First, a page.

I don’t blame Lilly, sometimes players don’t need all of the rehab games the Dodgers love to force upon the players when their recovering from injury. It’s always best to listen to the big club, and finish the rehab games, but sometimes they can be pointless, and redundant. Besides, it’s just a stall tactic from the Dodgers, but who will call who’s bluff.

If the Dodgers want to, they can designate Lilly for assignment, and once he refuses a minor league assignment, he can be released. Or they can work out a trade for him to another team once he is designated. Or they may just end up putting him in the bullpen. Lilly is in the final year of a three year 33 million dollar contract. The Dodgers owe him 12 million dollars this season, and would be on the hook for the cash if they decide to release him. Of course they could always easily keep him. The decision would be simple. Bump Shawn Tolleson back to Albuquerque or Chattanooga, to make room for Lilly.

Lilly has actually been a very solid pitcher in the three years he has been with the Dodgers. Whether you agree or not, check out his numbers. In the three seasons with the Dodgers from 2010-2013, Lilly has posted a 24-19 record, a 3.75 ERA, and has nearly a 4:1 strikeout to walk ratio. He’s racked up 266 whiffs while pitching in Blue, and walked only 85. Once the veteran lefty discovered some kind of new improved grip on his slider last season, it made his ability to keep the ball in the park improve by ten fold. He was able to use his newly upgraded slider as an out-pitch. Lilly only allowed three home runs in 2012. Lilly was 5-1 with a 3.14 ERA in eight starts in 2012, before being sidelined with the neck and shoulder injuries.

Those are very solid numbers for a backend starter. Lilly has had his problems with the long ball, increasing rustiness, and age, combined with declining strikeout numbers, and increasing walk rates are concerning, all of those reasons should make it very hard for the Dodgers to move him.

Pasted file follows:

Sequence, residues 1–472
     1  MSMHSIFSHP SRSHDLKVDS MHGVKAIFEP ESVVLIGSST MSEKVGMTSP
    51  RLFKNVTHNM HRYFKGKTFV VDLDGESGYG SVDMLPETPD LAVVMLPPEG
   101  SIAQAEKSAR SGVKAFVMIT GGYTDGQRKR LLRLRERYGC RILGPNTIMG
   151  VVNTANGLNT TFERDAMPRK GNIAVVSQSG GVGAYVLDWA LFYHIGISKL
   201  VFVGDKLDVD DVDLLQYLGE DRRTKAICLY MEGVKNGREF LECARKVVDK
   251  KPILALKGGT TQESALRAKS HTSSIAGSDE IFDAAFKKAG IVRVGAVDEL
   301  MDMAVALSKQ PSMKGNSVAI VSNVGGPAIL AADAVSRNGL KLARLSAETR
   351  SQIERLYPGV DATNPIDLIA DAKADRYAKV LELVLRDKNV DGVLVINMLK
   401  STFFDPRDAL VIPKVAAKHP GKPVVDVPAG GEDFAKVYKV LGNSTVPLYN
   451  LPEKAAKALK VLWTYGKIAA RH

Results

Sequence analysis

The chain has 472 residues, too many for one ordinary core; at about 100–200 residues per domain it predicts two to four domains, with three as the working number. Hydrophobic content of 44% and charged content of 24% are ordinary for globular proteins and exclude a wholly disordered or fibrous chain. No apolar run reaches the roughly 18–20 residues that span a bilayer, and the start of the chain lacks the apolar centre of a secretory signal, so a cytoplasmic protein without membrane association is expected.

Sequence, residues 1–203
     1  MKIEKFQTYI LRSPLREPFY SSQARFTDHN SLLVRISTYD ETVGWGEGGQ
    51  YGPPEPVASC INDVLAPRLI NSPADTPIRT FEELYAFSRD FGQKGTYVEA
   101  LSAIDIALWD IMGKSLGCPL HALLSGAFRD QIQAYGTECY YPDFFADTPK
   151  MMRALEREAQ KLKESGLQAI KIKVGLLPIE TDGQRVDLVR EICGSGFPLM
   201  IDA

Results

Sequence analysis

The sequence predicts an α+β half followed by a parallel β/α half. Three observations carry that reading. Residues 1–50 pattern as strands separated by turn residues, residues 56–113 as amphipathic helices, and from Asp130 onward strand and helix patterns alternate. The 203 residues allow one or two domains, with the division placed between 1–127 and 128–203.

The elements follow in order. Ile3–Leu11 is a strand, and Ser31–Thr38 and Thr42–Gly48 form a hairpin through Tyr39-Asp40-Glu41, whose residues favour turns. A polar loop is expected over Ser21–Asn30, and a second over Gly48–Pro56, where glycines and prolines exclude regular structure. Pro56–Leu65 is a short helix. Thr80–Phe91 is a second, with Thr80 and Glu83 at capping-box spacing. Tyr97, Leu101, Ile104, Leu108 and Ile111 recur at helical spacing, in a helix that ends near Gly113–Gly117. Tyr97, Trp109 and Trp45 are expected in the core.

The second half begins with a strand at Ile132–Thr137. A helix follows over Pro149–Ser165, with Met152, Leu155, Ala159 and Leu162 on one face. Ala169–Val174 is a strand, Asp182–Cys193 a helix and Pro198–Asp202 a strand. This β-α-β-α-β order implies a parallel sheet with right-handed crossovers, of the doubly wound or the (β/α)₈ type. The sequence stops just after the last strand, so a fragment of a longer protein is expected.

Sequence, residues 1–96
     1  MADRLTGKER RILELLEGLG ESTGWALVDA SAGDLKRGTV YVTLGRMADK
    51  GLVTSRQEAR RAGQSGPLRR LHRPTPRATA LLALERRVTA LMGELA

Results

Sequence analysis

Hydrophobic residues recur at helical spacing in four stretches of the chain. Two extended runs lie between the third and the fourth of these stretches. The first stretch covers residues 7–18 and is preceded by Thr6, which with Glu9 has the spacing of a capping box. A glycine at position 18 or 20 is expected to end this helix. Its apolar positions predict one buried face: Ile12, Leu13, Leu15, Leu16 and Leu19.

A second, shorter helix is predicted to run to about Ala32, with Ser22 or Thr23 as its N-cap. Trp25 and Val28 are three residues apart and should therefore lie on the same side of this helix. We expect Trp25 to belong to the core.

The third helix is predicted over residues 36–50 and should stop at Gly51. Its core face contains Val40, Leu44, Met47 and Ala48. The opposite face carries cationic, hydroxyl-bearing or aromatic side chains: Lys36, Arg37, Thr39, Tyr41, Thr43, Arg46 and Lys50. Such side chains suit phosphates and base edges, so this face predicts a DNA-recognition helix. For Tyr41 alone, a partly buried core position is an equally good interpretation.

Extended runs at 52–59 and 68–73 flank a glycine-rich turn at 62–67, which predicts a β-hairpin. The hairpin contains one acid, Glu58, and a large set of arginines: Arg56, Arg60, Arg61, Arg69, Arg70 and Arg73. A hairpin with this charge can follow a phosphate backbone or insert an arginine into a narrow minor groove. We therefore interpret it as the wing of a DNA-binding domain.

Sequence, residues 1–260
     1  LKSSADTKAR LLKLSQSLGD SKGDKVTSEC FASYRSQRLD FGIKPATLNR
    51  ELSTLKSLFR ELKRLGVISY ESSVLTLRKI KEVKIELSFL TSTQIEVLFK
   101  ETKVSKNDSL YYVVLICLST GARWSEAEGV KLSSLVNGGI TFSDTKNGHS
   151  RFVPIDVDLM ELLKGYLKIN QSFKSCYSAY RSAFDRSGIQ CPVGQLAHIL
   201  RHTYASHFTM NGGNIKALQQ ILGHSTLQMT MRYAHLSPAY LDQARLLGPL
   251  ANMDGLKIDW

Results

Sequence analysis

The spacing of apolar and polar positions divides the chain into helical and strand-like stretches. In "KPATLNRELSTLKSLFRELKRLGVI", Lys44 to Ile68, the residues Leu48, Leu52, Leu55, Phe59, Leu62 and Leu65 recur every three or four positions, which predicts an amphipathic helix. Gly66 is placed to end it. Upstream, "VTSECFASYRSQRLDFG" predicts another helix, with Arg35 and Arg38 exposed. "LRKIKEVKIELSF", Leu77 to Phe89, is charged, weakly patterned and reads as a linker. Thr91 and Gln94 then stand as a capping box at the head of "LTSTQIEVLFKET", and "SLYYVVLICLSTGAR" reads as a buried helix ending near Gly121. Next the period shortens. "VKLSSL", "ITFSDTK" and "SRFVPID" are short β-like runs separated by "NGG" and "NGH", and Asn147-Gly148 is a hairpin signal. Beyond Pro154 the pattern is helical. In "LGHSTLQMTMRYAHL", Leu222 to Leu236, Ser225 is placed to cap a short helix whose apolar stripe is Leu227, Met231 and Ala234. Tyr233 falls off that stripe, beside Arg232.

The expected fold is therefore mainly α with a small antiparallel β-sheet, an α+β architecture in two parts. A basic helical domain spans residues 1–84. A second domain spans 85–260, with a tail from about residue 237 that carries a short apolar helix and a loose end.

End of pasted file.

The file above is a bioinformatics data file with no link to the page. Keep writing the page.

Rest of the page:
Ted Lilly-Chris Humphreys-USA TODAY Sports

If the Dodgers option Tolleson, and place Lilly on the roster, then they wouldn’t have to make another roster decision on the pitching staff until sometime in late May when Greinke is ready to return. Left hander Scott Elbert may be returning around the same time as well. The Dodgers wouldn’t have to worry about it until then.

I would say right now it’s about 50/50 as to whether Ted Lilly will still be a Dodger by next week. I think the Dodgers will probably keep him, but then again, they are very adamant about him finishing his rehab games. Either way, the Dodgers will have to make a decision on Lilly soon. Perhaps the sooner the better for both parties. If the Dodgers are wise though, they’ll hang onto the stubborn old lefty. The Dodgers will find out it’s a long season, and more of the unpredictable may happen.

Ted Lilly may be an old disgruntled loud mouth, but the Dodgers will find out that the old guy can still pitch. And the day may come when they may need him. That day may come sooner than you think.

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Tags: Aaron Harang Chris Capuano Los Angeles Dodgers Ted Lilly Zack Greinke